Novel catalytic materials with specific active site are developed. Design criteria for improved catalysts are derived from comparative activity test and characterization of existing catalysts.
Efficient catalyst design requires adequate assessment of the properties of catalytic materials. This includes knowledge of the strength and concentration of acid or base sites, composition and size of metal particles, porosity and surface area as well as the crystallinity of active materials. These properties are probed by a variety of physico-chemical techniques, including IR and NMR spectroscopy, adsorption of probe molecules, XRD and TEM. In general, we characterize catalysts as close to operation conditions as possible. This includes modifications of existing analytical tools.
Interactions of reactants, intermediates and products with the surface of heterogeneous catalysts are studied by a variety of spectroscopic techniques. Ideally, these measurements are performed in-situ. A particular challenge is studying reaction in liquid phase because the signals from surface bound species have to be distinguished from liquid state reactants and products. Based on the data from these experiments we identify reaction pathways and derive design criteria for the next generation of heterogeneous catalysts.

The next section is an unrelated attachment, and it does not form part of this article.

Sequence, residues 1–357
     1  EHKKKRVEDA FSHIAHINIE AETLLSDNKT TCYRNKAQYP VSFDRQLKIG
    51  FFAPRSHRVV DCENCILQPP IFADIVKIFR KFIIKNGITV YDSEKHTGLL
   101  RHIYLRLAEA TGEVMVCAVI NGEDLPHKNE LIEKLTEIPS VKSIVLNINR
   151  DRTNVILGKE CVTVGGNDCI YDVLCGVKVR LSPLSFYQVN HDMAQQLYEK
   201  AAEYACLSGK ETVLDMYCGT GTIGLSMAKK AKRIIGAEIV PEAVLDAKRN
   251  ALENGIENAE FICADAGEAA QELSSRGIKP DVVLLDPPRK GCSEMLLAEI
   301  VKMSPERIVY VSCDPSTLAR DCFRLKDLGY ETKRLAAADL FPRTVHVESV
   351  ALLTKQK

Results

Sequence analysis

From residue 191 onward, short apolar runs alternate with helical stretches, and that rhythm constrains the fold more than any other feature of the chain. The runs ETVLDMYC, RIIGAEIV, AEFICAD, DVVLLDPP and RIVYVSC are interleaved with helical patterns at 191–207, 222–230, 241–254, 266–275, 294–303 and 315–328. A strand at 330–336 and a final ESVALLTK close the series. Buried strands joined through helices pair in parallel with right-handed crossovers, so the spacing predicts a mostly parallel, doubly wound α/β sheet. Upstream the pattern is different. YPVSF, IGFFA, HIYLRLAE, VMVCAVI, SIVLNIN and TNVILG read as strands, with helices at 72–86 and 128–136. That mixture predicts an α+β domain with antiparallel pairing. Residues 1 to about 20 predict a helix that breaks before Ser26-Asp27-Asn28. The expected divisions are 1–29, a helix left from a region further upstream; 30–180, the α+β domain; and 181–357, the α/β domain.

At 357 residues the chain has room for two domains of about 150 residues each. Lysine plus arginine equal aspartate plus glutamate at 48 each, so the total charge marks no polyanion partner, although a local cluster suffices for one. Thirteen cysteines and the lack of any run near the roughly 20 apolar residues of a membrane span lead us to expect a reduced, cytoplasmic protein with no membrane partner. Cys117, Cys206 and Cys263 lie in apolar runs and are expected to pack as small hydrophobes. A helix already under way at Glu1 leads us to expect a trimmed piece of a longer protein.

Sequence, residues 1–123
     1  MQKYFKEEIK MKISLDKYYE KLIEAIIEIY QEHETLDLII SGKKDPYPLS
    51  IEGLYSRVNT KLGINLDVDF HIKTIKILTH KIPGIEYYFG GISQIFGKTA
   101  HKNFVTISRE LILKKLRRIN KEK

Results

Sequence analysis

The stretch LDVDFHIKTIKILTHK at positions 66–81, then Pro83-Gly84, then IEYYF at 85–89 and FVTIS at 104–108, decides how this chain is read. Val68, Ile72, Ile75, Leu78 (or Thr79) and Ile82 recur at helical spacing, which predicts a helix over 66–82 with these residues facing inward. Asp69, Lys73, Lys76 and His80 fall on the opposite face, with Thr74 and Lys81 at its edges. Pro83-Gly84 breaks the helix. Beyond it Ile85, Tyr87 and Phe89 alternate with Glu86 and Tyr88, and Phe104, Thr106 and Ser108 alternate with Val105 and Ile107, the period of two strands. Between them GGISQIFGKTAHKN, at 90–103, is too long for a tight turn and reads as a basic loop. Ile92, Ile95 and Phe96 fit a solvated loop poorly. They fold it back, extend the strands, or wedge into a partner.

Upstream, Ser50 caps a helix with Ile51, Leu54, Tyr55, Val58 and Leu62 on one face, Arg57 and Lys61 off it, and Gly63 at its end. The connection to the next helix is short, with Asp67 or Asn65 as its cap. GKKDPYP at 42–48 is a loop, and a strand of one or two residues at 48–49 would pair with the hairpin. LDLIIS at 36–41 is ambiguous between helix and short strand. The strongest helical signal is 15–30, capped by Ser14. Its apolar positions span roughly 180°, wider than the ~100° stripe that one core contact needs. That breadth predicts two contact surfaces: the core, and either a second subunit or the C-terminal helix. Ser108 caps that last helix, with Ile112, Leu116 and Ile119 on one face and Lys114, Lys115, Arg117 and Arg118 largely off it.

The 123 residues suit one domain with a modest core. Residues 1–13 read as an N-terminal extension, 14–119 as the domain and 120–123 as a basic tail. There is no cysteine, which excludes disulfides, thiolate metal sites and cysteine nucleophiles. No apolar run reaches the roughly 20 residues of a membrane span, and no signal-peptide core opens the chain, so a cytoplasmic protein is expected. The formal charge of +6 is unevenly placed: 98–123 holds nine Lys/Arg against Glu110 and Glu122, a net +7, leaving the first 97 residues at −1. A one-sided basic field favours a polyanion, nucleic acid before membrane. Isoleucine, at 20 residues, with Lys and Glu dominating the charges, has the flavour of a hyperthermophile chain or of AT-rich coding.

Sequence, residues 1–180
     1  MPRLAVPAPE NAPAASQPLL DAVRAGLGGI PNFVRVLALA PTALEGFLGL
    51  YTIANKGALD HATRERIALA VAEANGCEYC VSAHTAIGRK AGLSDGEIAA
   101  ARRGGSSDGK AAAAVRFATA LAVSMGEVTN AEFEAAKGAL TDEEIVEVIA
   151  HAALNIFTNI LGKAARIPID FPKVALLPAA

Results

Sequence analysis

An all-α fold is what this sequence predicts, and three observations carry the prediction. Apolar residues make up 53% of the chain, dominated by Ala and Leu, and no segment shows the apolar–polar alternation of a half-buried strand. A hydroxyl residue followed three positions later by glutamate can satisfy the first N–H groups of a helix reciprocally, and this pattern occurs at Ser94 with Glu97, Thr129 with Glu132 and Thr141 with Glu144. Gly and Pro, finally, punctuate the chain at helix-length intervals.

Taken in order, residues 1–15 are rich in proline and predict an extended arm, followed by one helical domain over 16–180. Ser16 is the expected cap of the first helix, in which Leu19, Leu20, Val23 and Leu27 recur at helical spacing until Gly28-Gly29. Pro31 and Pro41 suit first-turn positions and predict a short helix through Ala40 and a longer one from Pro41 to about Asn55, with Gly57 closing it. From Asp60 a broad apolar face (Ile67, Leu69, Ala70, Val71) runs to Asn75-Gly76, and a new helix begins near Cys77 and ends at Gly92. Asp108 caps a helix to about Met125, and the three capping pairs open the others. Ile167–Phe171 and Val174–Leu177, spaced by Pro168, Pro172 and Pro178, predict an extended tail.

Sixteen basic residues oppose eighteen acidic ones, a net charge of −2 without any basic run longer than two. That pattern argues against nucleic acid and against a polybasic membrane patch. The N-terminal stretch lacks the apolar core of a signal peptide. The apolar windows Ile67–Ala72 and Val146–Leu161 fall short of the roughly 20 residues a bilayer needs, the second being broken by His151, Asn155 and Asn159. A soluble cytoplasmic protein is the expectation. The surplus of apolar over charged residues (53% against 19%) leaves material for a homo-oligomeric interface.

While fundamental research is a major focus of our research, the ultimate goal is to develop new processes for sustainable supply of fuels and chemicals. Flow reactor systems are designed for specific reactions. Whenever possible, the design will include automation and online sampling. With these systems we investigate the reaction kinetics, the influence of the reaction condition, and the stability of the catalyst. Whenever necessary, catalyst deactivation is studied so that an efficient regeneration procedure can be applied.